In camera review of the documents supports this description of the process. On their face there appear the number, identities and titles of the various persons in successively higher positions to whom the drafts were submitted for "approval" and the alterations these persons made in the text of the background note and revenue ruling. Thus, the flow of the documents was from subordinate to superior. Because approval was required at each higher level, all the participants up to the Commissioner were without authority to make a final determination. The Sebastian affidavit's description of the process complements the documents to adequately (albeit barely) establish their predecisional and deliberative nature. A comparison of the successive drafts with each other and with the final revenue ruling reveals no policy or reasons explained in these drafts that were not contained in the ruling ultimately published. The inference we draw from this is that these documents could not and do not serve as agency "working law," providing substantive guidance in future decisions. Andersen offers no evidence to the contrary. This contrasts markedly with the documents ordered released in Taxation With Representation, supra, 646 F.2d at 682, which (as revealed through discovery) were indexed, compiled, and consulted as sources of agency law by IRS employees. In this case, there is neither evidence nor a logical inference to be drawn from the documents that they would be so consulted. Nor, in foregoing discovery, can plaintiffs impose on the IRS the obligation to account for the ultimate disposition and use of the disputed documents. It is enough in the context of this case that the uncontradicted evidence shows the documents to be predecisional and deliberative, and thus eligible for Exemption 5 treatments. Cf. Pies v. IRS, 668 F.2d 1350, 1354 (D.C. Cir. 1981) (draft proposed regulations and memoranda exempt under Exemption 5); Falcone v. IRS, 479 F. Supp. 985, 989 (E.D. Mich. 1979) (draft revenue rulings and Staff Comment sheet protected by "privilege for deliberative process materials").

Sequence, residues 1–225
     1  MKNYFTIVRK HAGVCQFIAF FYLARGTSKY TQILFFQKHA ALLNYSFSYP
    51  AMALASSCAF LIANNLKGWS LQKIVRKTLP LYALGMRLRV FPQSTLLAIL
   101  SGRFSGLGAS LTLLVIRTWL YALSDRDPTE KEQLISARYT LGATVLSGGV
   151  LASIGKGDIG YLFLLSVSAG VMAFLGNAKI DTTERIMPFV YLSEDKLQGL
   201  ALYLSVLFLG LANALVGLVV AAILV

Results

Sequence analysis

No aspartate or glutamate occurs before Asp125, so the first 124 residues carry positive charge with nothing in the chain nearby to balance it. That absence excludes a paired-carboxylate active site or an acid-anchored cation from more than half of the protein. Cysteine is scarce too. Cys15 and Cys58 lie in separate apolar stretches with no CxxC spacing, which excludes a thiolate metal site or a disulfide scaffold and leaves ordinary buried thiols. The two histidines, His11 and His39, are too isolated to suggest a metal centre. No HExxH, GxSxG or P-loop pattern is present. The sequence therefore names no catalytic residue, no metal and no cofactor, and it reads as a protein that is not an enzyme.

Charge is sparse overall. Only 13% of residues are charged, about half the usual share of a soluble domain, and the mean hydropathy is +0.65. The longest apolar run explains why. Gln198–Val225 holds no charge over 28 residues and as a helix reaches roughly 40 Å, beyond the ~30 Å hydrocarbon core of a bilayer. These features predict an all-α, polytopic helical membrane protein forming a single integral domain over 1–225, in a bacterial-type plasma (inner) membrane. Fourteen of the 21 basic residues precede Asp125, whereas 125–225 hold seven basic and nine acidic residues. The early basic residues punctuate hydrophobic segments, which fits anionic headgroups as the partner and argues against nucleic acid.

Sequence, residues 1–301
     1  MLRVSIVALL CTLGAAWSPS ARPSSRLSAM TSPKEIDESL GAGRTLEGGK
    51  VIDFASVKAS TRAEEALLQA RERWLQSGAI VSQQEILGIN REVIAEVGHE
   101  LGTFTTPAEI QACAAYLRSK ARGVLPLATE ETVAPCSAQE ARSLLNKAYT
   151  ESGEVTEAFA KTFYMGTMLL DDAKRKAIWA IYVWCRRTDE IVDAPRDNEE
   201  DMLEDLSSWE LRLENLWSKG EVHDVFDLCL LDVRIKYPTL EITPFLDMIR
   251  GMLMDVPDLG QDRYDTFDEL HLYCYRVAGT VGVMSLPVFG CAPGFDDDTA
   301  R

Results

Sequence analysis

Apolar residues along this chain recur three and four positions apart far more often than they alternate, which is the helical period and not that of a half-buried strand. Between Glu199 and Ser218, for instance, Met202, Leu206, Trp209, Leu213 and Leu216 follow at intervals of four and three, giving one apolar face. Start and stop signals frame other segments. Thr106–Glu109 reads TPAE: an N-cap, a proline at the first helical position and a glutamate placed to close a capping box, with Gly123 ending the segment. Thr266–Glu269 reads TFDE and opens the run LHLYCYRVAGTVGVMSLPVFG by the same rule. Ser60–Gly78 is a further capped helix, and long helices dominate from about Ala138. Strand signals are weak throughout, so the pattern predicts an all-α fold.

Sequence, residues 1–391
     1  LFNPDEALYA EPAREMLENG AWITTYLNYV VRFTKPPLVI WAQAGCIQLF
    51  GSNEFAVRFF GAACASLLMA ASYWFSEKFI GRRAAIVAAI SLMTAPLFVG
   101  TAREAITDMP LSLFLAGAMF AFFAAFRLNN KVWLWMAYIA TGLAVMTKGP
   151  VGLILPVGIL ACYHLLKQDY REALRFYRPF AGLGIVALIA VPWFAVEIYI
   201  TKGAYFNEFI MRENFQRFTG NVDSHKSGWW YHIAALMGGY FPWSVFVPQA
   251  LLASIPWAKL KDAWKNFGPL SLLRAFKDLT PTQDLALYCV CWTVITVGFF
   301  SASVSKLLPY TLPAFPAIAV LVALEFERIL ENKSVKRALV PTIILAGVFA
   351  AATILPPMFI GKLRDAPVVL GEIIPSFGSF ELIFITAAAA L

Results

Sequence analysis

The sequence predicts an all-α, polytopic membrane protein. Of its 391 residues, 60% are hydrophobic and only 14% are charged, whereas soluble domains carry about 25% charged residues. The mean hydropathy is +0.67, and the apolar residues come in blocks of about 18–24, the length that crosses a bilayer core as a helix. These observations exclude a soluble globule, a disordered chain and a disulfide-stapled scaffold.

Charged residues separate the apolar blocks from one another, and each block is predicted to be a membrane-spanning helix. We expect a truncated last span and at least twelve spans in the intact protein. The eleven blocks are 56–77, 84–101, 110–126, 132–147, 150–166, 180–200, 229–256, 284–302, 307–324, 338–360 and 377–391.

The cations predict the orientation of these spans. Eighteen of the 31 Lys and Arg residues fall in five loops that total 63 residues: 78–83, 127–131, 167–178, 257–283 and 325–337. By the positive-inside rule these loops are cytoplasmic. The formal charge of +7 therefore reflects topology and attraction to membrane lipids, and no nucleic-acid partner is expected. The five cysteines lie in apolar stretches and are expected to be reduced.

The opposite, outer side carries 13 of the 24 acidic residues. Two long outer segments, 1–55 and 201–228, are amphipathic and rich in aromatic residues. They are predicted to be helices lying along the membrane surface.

The case is remanded to the district court with directions to enter judgment for the defendants.20
Sitting by designation pursuant to 28 U.S.C. § 294(d)
(a) Each agency shall make available to the public information as follows:
(2) Each agency, in accordance with published rules, shall make available for public inspection and copying-
(B) those statements of policy and interpretations which have been adopted by the agency and are not published in the Federal Register(.)
5 U.S.C. § 552(a) (2) (B).
1977-2 C.B. 97
Joint Appendix ("J.A.") at 12